UM Journalism Students Sweep Public Relations Competition

Faculty member, graduates and university's professional staff also honored

Public relations students in the Meek School of Journalism and New Media won every one of the awards presented in the Public Relations Association of Mississippi student competition at the PRAM state conference April 10.  Award winners pictured here, standing, from left to right, are Cody Fullinwider, an integrated marketing communications major from Denver, Colorado; Courtney Richards, a journalism major from Austin, Texas; Nancy Hogan, a journalism major from Atlanta, Georgia; Alex Kohl, an IMC major from Fort Lauderdale, Florida; Bridge Leigh, an IMC major from Hernando; Mara Joffe, a journalism graduate from Biloxi; Robin Street, lecturer in journalism who taught the students and also won a professional award; Lauren Raphael, an IMC major from Madison; and Clancy Smith, a journalism major from Saltillo.  Kneeling: Lindsay Langston, a journalism major from Dallas, Texas; Lauren Walker, an IMC major from Madison; Sydney Hembree, a double major in journalism and marketing and corporate relations from Kennesaw, Georgia; and MarKeicha Dickens, a journalism major from Olive Branch. Not pictured: Journalism graduate Melody Skinner of San Diego, California; and Mary Frances Tanner, an English major with a journalism minor from Mobile, Alabama. Photo credit: Stan O’Dell

UM public relations students who won awards in the Public Relations Association of Mississippi student competition include (standing, from left) Cody Fullinwider, Courtney Richards, Nancy Hogan, Alex Kohl, Bridge Leigh, Mara Joffe, Robin Street, UM lecturer in journalism, Lauren Raphael and Clancy Smith. Kneeling (from left) are Lindsay Langston, Lauren Walker, Sydney Hembree and MarKeicha Dickens. Photo by Stan O’Dell

OXFORD, Miss. – Public relations students in the University of Mississippi’s Meek School of Journalism and New Media won every award presented in the recent Public Relations Association of Mississippi student competition, including the prestigious Student Best in Show honor.

In addition, in the professional competition, faculty member Robin Street won the top award in her category, and Meek School graduates working in University Communications brought home four awards. All awards were presented during the PRAM state conference April 9-10 in Tupelo.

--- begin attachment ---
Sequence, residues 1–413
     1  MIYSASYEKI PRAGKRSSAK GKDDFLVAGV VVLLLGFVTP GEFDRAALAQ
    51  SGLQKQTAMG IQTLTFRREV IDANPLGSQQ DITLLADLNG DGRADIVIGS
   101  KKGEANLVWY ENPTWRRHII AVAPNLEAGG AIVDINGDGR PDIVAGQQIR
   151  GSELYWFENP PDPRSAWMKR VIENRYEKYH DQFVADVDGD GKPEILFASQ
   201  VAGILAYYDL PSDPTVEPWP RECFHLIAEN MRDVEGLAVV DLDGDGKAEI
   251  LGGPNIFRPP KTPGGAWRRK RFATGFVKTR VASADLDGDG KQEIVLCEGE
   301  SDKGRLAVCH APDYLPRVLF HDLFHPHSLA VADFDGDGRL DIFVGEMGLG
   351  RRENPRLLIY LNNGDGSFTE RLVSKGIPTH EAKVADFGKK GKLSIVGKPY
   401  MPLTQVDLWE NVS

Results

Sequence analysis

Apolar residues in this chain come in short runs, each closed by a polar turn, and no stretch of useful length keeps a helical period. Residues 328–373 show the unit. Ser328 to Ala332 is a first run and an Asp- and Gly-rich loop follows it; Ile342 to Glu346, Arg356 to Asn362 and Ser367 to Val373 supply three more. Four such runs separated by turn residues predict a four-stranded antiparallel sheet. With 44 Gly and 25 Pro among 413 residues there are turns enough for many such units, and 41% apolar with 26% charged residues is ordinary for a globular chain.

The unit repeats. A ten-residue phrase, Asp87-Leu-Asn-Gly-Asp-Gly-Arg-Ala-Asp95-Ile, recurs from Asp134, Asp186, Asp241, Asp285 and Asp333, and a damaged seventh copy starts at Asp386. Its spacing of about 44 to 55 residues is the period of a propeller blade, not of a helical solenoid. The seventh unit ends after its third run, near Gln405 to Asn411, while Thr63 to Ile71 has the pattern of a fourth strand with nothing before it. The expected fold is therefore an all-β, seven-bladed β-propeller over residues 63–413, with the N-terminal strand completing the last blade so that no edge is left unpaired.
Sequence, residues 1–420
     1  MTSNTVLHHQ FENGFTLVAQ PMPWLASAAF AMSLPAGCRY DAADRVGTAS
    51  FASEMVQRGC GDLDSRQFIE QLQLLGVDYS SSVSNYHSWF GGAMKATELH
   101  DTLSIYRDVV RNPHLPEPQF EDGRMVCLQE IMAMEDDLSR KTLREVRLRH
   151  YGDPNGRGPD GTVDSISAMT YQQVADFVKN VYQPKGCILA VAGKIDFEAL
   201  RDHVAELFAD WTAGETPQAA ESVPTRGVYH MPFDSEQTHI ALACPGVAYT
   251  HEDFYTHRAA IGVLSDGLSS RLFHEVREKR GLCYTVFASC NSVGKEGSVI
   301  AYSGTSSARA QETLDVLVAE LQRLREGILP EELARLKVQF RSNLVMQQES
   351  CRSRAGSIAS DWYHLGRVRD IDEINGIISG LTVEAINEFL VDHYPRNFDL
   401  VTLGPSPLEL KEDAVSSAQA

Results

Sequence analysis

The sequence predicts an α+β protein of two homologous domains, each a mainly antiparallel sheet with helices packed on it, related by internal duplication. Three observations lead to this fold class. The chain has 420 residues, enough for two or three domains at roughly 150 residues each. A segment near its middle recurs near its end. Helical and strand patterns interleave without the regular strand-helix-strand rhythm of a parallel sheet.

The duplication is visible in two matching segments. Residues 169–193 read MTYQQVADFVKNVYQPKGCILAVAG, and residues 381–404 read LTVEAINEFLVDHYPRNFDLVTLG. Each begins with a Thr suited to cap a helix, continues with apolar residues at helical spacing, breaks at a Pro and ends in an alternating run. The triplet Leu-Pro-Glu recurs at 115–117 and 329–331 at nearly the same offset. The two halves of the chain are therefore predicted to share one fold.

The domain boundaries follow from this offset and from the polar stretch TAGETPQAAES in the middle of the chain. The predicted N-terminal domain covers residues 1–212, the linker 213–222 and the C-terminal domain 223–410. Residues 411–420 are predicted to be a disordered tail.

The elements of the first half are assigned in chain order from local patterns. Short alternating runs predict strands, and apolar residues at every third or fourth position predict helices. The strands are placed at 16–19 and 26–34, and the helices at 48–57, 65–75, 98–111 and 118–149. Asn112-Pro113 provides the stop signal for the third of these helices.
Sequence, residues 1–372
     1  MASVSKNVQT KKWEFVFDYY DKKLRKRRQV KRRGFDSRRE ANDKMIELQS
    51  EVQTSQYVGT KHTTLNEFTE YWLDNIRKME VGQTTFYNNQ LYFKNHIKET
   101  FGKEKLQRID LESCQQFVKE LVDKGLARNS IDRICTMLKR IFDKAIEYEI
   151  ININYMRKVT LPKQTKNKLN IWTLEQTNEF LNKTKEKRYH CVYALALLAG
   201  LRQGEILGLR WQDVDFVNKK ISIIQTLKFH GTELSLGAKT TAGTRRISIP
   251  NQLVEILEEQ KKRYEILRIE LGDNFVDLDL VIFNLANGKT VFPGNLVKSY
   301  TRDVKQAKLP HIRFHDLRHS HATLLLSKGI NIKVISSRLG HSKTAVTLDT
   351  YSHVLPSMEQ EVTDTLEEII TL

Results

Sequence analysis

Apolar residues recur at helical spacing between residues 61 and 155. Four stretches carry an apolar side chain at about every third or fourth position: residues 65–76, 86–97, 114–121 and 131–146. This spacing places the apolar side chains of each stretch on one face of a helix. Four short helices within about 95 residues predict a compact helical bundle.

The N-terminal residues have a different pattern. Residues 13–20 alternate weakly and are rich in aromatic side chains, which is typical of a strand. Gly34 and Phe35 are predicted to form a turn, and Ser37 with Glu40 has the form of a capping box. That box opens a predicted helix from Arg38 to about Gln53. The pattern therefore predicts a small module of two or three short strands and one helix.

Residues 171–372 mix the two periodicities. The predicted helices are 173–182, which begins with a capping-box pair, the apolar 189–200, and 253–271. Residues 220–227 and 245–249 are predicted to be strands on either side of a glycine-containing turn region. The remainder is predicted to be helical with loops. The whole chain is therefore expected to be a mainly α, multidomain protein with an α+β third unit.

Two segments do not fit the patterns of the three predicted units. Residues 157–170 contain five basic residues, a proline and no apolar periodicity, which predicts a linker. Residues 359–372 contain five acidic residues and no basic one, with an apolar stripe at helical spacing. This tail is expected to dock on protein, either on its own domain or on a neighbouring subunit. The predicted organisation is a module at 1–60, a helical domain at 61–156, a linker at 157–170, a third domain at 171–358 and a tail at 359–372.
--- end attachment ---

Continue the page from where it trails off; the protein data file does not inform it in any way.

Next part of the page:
“We set two records in this competition,” said Street, a lecturer in journalism and public relations. “First, our students were the only university students in the state to be honored. Second, the sheer number of awards we won surpassed all previous years. That is a real tribute to the preparation they received from all the faculty members at the Meek School.”

Journalism student Clancy Smith of Saltillo won both Student Best in Show and the top award in her category, called a Prism.

“Winning the Prism awards more than reassured me that my classes and projects have helped me develop the skills I will need for a career in public relations,” Smith said. “I am so grateful for the instruction I’ve received from all the Meek School faculty members.”

The students, all seniors except for two recent graduates, entered public relations campaigns they created as a final project in the advanced public relations class taught by Street. Each campaign required multimedia journalism skills including writing news articles, creating photos and video, and developing online and social media.

Five other students won Prisms in their categories: Nancy Hogan, a journalism major from Atlanta; MarKeicha Dickens, a journalism major from Olive Branch; Mara Joffe, a journalism graduate from Biloxi; Lauren Raphael, an integrated marketing communications major from Madison; and Lindsay Langston, a journalism major from Dallas.

Pictured at the PRAM Prism awards banquet are Oxford/Ole Miss chapter members, all University of Mississippi employees: (from left) Danny Blanton, director of public relations; Ryan Whittington, assistant director of public relations for social media strategy; Will Hamilton, public relations assistant; Erin Parsons Garret, communications specialist, UM School of Pharmacy; and Robin Street, lecturer in journalism and public relations.  Whittington, Hamilton and Street all won awards in the competition.

Pictured at the PRAM Prism awards banquet are Oxford/Ole Miss chapter members, all UM employees (from left) Danny Blanton, Ryan Whittington, Will Hamilton, Erin Parsons Garret and Robin Street.